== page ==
In recent months we have seen how school children went on strike, in London they arrested people for the rebellion of extinction and how climate change activists blocked the headquarters of polluting companies. Not only is this, we have also been able to verify how an increasing number of severe weather events occurred: Cyclone Fani, which caused great floods in India, torrential rains in the midwestern United States, unprecedented floods of the Mississippi and double blow of the cyclones Idai and Kenneth that hit Mozambique. Therefore, it is expected that climate change will once again occupy a prominent place in the social and political agenda. But fortunately, the real estate industry is already struggling to improve this and there is much to do.
- The Carbon Reduction Commitment that was being carried out until April of this year was abolished and replaced by Streamlined Energy and Carbon Reporting (SECR). Companies that qualify must report their carbon emissions annually, which could expose them to social and shareholder pressure to reduce their energy consumption.
- April has also marked this year for the entry into force of the Minimum Energy Efficiency Standards. Many of the main owners had been struggling for several years and had worked hard to anticipate it, so the MEES effect was not as abrupt as many feared. The MEES is forcing a change in the EPC rating, an F or G will be illegal in 2023, unless there is a valid exemption.
- December 5, 2019 is the deadline for qualified companies to meet their audit obligations and report the results in Phase 2 of the Energy Savings Opportunity Plan. ESOS reports are not public in the way the SECR is, and energy audits have to be reviewed by the company's board of directors, which may realize that implementing some of the recommended changes will reduce costs and improve the results. In addition, these changes will strengthen your sustainability credentials and will be a great marketing strategy.
- The deadline to submit the 2019 reports to those participating in GRESB is closer, with the results (and the news of who will receive Green Stars this year) that will be released in September. GRESB (previously known as Global Real Estate Sustainability Benchmark, but now it is not an acronym, since it covers more than just real estate) is an important benchmarking system in which several fund managers, asset managers and others participate annually.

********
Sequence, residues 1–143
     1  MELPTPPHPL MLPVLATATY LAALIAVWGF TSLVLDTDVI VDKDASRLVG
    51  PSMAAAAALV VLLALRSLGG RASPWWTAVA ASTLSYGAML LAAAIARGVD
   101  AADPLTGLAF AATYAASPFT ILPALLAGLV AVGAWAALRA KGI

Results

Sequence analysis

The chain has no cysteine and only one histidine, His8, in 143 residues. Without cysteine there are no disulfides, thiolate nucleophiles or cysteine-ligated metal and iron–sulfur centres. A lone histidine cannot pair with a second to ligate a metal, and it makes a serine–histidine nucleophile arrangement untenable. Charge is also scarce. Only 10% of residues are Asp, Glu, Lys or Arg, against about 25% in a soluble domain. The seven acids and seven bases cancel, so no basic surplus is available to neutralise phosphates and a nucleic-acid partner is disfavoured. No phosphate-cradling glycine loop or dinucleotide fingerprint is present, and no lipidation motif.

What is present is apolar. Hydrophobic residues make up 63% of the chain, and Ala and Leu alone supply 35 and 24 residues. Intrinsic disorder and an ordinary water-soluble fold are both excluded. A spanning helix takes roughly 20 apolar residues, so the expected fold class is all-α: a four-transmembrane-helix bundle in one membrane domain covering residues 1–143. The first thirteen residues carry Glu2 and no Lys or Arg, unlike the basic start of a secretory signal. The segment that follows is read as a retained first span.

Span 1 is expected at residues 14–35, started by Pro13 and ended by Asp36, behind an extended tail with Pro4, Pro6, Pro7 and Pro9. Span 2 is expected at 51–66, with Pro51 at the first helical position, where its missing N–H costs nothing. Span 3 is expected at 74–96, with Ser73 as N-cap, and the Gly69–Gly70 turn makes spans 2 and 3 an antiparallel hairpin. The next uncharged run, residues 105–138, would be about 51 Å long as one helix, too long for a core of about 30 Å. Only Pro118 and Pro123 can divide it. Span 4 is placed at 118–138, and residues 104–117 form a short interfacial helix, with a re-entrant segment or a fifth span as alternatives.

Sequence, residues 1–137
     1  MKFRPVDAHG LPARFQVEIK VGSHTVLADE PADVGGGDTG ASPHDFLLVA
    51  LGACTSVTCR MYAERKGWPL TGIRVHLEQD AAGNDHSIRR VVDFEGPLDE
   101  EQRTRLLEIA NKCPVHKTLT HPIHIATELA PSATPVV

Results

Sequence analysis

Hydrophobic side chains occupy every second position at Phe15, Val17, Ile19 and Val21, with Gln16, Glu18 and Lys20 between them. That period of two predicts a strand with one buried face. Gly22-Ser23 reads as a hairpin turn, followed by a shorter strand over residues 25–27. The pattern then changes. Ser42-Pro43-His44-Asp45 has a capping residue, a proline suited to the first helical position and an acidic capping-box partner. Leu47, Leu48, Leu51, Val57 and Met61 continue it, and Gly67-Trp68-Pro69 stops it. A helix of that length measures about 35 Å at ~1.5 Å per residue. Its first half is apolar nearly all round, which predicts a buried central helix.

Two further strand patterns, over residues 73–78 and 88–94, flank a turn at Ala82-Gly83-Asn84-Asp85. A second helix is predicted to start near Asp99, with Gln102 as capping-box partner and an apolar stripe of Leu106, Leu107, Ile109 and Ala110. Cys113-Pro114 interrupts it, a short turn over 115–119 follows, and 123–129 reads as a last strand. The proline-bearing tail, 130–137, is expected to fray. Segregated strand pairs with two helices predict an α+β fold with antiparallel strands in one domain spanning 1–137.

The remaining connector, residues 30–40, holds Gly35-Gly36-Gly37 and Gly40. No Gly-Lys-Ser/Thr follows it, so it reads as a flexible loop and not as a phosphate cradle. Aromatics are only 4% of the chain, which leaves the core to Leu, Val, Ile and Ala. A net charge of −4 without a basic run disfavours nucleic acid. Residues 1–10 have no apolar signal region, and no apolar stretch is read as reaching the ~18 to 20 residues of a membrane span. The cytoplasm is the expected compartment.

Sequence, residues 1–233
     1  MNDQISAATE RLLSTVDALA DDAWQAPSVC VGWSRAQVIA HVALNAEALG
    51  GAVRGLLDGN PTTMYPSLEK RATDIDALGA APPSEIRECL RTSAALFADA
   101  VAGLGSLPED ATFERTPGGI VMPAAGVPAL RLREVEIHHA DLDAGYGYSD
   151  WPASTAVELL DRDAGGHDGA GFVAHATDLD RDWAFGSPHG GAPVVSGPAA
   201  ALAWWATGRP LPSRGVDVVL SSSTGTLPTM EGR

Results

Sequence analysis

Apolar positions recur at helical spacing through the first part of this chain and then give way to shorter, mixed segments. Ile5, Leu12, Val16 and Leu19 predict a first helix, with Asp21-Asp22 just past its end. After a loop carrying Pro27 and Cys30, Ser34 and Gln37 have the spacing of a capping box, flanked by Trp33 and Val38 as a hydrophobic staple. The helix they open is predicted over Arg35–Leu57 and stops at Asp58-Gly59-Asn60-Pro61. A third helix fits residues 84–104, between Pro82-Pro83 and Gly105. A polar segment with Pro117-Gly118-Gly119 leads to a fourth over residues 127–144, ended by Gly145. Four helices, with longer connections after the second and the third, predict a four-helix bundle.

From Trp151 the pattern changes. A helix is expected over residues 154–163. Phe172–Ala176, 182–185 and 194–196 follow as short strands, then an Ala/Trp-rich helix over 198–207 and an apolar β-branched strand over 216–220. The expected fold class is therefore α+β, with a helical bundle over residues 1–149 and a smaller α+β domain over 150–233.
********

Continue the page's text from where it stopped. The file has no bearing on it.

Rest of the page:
If we take into account current legislation, increasing investor interest and, of course, political and social pressure, it is expected that the main consequence is that more and more organizations are building their own full-time internal sustainability teams to fully comply with sustainability. With the different existing sustainability agencies firmly focused on how to achieve net zero carbon by 2050, there will be many more regulations and best practices to come and sustainability teams will have a lot of work in the coming years.
There is a path towards more stringent criteria for sustainability ratings, which will make it much more difficult for homeowners to meet and, if resources are lacking for the continued application of sustainable criteria, some may assume a calculated risk and not bother to apply them.
In my opinion, the direction it is leading is the increase in regulation and compliance, as well as a clear emphasis on market forces and commercial, investor and public pressures that drive real change. However, perhaps the most unknown pressure of all is that of employees, who increasingly consider including sustainability in the companies where they work. Traditionally, the imperative for tenants has always been to find the right space, at the right place, at the right price. While these fundamentals remain essential, the space sustainability credentials, along with their Internet connectivity, are increasingly important in the battle of the current market. All of which makes it increasingly important to cover things like the fulfillment of the United Nations Sustainable Development Goals. A great ambition indeed!